The energy and resource policies you articulate are nothing more than a continuation of past giveaways.

Let's see who follows you into that failed abyss.

The reason for limiting your comments are plenty - but primarily - it is because you provide nothing more than an attempt to criticize me for any reason you can dream up. The 300 or so comments and emails from you would be in some circles thought to be net-stalking.

Clyde is no longer the Premier - the failed energy and resource policies of past Liberal and Tory governments are obvious - that's not to mention the successful law suits against the province during Clyde's term - the failed privatization attempt - and his failure to move the province forward.

Your pontification on energy policy and your advice on same - should not be followed if we are to move upward.

By the way why did you wait until Linda took over from Randy to call open-line?

You and your hatred will not prevent me from speaking - do you understand that?

Your petty insults and your incessant attacks on anything and everything I say will not prevent me from speaking - do you understand that?

You and your ilk tried but failed to shut me up during the hydro privatization and all the sordid details of when Ed Roberts went into Cabinet prior to being elected and then went on to run in the district of Naskopi - do you understand that?

Yes Ed's - I will not forget - and the strength gained during that period of time - will allow me to carry on - do you understand that?

Chuck Furey - Doug House - Clyde Wells et al - no I do not forget.

Understand this - the bully you claim Danny is - pales in comparison to the back-door - shadowed bullying you engage in - do you understand that.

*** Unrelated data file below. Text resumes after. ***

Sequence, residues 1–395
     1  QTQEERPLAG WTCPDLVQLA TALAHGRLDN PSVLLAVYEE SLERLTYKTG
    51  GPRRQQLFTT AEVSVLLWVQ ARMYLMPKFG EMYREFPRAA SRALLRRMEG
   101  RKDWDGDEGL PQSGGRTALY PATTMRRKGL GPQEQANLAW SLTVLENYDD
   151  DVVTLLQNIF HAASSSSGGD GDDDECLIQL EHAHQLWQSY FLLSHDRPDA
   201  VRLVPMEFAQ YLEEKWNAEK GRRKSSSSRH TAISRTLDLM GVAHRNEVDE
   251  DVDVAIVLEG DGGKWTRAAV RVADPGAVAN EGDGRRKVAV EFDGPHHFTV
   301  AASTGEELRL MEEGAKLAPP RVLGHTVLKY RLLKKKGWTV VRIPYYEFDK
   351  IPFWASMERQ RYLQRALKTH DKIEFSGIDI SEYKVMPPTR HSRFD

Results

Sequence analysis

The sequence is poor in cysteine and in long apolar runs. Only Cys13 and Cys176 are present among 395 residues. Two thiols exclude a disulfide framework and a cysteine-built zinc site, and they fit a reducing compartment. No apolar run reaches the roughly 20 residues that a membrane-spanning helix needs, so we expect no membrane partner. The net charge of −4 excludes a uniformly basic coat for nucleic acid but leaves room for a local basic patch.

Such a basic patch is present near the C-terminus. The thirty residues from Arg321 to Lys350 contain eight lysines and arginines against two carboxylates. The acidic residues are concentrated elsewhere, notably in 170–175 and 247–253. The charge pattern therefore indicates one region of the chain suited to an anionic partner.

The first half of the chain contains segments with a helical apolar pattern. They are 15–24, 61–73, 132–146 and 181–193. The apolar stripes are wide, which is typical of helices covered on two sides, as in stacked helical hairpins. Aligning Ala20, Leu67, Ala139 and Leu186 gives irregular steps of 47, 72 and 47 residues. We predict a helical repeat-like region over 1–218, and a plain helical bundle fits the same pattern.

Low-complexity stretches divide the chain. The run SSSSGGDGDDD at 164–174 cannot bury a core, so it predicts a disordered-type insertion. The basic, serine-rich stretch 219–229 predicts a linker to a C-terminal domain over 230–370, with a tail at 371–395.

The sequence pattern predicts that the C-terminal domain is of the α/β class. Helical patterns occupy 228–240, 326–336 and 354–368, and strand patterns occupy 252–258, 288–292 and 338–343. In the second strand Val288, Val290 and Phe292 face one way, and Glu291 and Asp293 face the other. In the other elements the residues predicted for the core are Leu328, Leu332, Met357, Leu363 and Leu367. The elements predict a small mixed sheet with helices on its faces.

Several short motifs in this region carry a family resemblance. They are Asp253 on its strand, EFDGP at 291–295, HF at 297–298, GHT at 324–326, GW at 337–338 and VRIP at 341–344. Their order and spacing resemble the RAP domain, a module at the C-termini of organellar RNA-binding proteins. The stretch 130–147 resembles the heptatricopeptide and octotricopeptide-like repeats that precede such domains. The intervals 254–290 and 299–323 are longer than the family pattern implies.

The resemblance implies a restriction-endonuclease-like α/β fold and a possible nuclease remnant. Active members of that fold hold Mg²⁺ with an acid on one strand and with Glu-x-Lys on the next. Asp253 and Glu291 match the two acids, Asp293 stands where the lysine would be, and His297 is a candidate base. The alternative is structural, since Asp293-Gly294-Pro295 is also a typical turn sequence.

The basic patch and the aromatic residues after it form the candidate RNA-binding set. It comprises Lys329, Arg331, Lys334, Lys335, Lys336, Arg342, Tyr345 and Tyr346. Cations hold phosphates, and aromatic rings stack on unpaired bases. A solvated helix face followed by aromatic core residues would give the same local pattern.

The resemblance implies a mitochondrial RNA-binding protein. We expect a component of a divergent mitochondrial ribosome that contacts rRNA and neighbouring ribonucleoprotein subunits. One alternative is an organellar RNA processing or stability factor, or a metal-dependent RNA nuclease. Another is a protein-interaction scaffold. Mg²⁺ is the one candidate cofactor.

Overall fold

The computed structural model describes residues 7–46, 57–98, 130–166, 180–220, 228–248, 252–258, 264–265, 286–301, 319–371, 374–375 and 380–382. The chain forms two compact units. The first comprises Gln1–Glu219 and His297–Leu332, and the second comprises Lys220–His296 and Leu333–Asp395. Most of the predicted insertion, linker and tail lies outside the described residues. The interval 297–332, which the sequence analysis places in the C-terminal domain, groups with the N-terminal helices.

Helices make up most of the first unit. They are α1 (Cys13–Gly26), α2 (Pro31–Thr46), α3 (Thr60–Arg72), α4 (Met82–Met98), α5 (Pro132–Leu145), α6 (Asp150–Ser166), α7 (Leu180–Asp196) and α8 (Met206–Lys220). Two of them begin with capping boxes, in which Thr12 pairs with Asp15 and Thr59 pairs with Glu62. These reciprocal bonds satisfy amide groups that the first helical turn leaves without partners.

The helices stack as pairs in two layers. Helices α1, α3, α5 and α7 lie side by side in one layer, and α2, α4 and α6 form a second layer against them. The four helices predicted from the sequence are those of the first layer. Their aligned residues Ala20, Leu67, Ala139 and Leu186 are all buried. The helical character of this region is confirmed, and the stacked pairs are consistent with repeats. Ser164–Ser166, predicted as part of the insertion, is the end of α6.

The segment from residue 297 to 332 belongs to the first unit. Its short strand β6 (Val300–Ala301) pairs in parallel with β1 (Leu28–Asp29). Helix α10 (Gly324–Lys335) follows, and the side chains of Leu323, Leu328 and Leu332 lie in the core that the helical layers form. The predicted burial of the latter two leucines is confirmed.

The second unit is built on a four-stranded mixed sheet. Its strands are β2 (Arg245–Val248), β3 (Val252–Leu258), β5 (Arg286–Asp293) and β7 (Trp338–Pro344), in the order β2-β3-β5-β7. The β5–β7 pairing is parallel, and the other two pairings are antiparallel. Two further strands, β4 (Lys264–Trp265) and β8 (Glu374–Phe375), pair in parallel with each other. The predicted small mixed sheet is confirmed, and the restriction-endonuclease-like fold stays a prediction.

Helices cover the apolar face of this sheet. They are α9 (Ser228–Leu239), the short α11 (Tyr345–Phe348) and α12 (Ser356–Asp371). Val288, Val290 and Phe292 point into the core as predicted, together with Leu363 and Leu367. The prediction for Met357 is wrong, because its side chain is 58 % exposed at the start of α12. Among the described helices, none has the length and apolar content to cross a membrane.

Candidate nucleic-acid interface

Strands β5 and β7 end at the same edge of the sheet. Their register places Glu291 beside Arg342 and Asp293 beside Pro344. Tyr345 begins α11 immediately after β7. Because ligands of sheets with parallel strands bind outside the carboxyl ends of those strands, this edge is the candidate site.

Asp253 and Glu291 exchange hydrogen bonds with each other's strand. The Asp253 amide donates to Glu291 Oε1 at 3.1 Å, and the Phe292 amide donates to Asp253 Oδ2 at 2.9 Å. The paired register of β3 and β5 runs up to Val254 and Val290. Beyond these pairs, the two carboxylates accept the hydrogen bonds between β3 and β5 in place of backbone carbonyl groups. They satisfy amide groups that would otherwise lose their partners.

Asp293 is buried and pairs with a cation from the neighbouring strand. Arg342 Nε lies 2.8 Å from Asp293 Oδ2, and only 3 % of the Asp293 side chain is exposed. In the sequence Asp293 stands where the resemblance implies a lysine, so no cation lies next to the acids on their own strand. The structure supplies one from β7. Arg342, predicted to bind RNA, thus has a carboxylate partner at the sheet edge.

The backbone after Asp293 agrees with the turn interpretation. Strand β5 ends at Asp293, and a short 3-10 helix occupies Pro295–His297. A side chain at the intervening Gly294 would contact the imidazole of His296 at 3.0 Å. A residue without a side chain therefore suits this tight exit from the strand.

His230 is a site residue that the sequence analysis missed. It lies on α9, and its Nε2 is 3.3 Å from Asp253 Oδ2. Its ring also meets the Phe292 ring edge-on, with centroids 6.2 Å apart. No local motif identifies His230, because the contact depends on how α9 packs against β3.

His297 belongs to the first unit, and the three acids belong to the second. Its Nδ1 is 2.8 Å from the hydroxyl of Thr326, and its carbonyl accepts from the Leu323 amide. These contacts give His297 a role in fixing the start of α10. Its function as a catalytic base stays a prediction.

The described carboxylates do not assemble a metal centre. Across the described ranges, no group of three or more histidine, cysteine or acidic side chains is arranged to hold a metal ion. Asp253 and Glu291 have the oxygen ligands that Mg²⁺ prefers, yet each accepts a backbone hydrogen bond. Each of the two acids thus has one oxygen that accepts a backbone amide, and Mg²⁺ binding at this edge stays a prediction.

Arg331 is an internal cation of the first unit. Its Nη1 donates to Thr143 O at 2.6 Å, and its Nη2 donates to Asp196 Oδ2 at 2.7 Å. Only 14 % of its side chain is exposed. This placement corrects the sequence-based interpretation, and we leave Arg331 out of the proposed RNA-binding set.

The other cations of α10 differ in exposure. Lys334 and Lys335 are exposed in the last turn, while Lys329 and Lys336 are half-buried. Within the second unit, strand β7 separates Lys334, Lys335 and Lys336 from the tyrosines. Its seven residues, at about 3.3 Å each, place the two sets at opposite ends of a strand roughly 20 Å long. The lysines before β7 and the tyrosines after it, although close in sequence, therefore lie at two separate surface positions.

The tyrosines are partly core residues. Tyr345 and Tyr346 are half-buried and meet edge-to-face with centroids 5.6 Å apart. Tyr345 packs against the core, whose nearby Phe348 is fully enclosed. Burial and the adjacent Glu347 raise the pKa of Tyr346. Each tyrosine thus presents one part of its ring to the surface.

I love Newfoundland and Labrador and love our people. My purpose is only to see our people and country (Newfoundland and Labrador) prosper.

Now the censor button is back on - I'm sure you will understand that?

This amount of time wasted on you is already too much - and so I continue on with issues that are much more important to everybody outside the world of ED.

August 22, 2007 9:48 PM
Anonymous said...
Sue - Nobody doubts that you have your province Newfoundland and Labrador and its people, first and foremost on your mind. You have demonstrated that love quite profoundly over the past 15 years ever since you took on the fight against the privatization of hydro.

It is not hard to differentiate who amongst the blogging community or the callers to the Open Line Shows are looking after the welfare of the province and its people. You can tell the ones who are afflicted with the "me syndrome" , they are the ones who always side with Big Oil's point of view or they prefer to see the Lower Churchill Hydroelectricty enrgy exported out of the province, in other words they never want what is best for Newfoundland and Labrador, they want what is best for themselves. They rather act as lobbyists for whoever is vying for our resources. I can only assume these people have interests of their own which are adverse to the province's interests.

August 22, 2007 10:30 PM
WJM said...
I still believe that Labrador is our future,and our brothers in the Big Land have gone with-out for far to long.

If Labrador is "our" future, then who or what is Labrador's future?

August 22, 2007 10:44 PM
calvin said...
Small minds Sue my Dear!!!!!

August 23, 2007 12:23 AM
calvin said...
Here ,Here!!!

August 23, 2007 1:20 AM
Anonymous said...
Well said Sue. Bravo!

It's people like Mr. Hobbitt, whose distaste of anything remotely positive from the Williams government, distorts his views. He writes with such bitterness that you almost feel sorry for the guy.

What else would one expect from a person who thinks that the sun shines out of Clyde Wells arse.

August 23, 2007 7:35 AM
Anonymous said...
Well said Sue. Bravo!

It people like Mr. Hobbitt who think anything positive the present adminstration does is wrong. They go out of their way to make the government look bad but, by doing so, make themselves look desperate and pathetic.

What would you expect from someone who thinks the sun shines out of Clyde Wells arse?

His ramblings and attempts to justify his remarks almost make one feel sorry for the boy.

August 23, 2007 7:55 AM

Wince said...